Please login to the form below

Not currently logged in

UK minister: 'End animal testing'

LibDem MP Norman Baker says there is an economic case for finding an alternative

Testing products, including drugs, on animals should stop and that there is an economic case - as well as a moral one - for doing so, according to a senior UK politician.

The comments by UK Liberal Democrat MP Norman Baker carry some weight: as part of his remit as UK home office minister Baker is responsible for regulating how animals are used in science.

In issuing licences for scientific projects, the Home Office has the task of balancing what an experiment hopes to achieve against the suffering which it will cause the animal.

“I am firmly of the belief it is not simply a moral issue but that we as a nation can get a strategic advantage from this, something that will be good for the economy,” Baker told BBC News. “I have been encouraging the industry to come up with alternatives to animal testing.”

However, pharma relies on animal experimentation to develop some products and says that certain advances in human health have only been possible due to such work.

UK pharma trade body the ABPI said the need to ensure that the country's pharma industry remains competitive globally meant that “it is vital that it balances the importance of animal welfare with public health needs”.

“By law, all new medicines must first be tested on animals, in order to ensure patient safety,” the ABPI said in a statement. “It is important to note that animals are only used in medical research when absolutely necessary and unavoidable, after ethical review - in situations where appropriate alternatives are not available.”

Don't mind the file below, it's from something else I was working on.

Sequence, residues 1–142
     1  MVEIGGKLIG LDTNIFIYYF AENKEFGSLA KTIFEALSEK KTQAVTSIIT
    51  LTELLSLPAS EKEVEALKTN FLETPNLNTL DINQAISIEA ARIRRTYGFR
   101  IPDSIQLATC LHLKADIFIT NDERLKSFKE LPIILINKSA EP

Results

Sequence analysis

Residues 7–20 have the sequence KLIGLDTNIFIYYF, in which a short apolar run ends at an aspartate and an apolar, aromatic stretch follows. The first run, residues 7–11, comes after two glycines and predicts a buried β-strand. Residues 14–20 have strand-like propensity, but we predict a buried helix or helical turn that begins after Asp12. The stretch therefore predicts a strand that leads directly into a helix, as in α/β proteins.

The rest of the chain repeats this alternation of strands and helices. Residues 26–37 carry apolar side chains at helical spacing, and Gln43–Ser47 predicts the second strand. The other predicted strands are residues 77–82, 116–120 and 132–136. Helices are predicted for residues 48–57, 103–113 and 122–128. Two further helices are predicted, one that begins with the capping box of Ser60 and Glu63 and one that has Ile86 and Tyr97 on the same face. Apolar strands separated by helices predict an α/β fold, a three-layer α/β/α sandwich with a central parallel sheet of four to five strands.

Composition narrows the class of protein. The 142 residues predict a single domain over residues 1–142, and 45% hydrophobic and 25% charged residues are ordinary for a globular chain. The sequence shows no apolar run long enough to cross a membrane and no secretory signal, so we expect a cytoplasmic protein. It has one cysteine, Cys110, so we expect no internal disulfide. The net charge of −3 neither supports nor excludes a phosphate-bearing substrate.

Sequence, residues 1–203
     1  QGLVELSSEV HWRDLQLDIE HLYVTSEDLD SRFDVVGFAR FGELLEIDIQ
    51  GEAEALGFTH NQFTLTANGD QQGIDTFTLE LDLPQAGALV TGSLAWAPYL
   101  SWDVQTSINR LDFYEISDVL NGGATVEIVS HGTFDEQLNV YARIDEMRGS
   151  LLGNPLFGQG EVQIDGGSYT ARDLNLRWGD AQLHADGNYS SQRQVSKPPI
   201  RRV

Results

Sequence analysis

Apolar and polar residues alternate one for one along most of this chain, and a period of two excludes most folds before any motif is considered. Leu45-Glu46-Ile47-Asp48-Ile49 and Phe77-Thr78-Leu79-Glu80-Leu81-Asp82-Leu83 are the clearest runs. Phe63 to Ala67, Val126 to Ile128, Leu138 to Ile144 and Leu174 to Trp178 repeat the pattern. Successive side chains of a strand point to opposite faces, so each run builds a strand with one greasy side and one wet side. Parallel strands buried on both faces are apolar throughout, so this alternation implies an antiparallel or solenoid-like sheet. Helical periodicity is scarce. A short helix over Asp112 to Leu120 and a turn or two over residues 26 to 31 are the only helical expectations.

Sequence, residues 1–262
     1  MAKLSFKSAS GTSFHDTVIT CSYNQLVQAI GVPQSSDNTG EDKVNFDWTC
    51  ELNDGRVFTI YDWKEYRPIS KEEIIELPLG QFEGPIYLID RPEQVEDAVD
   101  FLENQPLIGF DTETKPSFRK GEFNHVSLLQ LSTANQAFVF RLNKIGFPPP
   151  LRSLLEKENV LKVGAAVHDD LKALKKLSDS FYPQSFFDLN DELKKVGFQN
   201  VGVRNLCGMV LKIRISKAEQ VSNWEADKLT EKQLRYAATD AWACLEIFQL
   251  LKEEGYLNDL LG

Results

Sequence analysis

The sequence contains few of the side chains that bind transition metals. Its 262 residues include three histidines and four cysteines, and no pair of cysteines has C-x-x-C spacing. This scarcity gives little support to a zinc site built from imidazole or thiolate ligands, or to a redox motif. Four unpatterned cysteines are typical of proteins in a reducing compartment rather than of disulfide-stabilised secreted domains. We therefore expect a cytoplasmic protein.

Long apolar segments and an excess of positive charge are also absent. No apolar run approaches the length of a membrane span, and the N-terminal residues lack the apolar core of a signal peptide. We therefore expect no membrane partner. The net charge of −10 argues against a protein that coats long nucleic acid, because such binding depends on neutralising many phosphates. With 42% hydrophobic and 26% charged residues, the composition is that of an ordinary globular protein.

Baker says that legislation will be introduced before the next election which could allow people to find out what actually happens in animal experiments - information that is often withheld by law.

Animal rights campaigners want more transparency around this. “We argue that whether one's for or against them, we can only have a serious discussion if we actually know what's being done,” said British Union for the Abolition of Vivisection (BUAV) chief executive Michelle Thew.

1st August 2014

From: Regulatory



COVID-19 Updates and Daily News

Featured jobs


Add my company
Anthill Agency

Digital communications agency empowering clients through their digital transformation journey. Whether through training, delivering solutions or devising digital strategies, we...

Latest intelligence

The other side of … rheumatoid arthritis
For Georgie, patient activation fuelled her motivation to find life without pain. So when blood tests came back normal, she felt confident to pursue referral until RA was confirmed......
How to lessen site burden with a targeted patient recruitment strategy
Picture this: you’ve created your patient recruitment strategy and you find more and more patients are undertaking the pre-screening, you probably think – success! But then you find out, getting...
Peter Howarth
Exploring the potential of eosinophils
GSK’s Peter Howarth talks about the emerging research that suggests there is a varied role for eosinophils...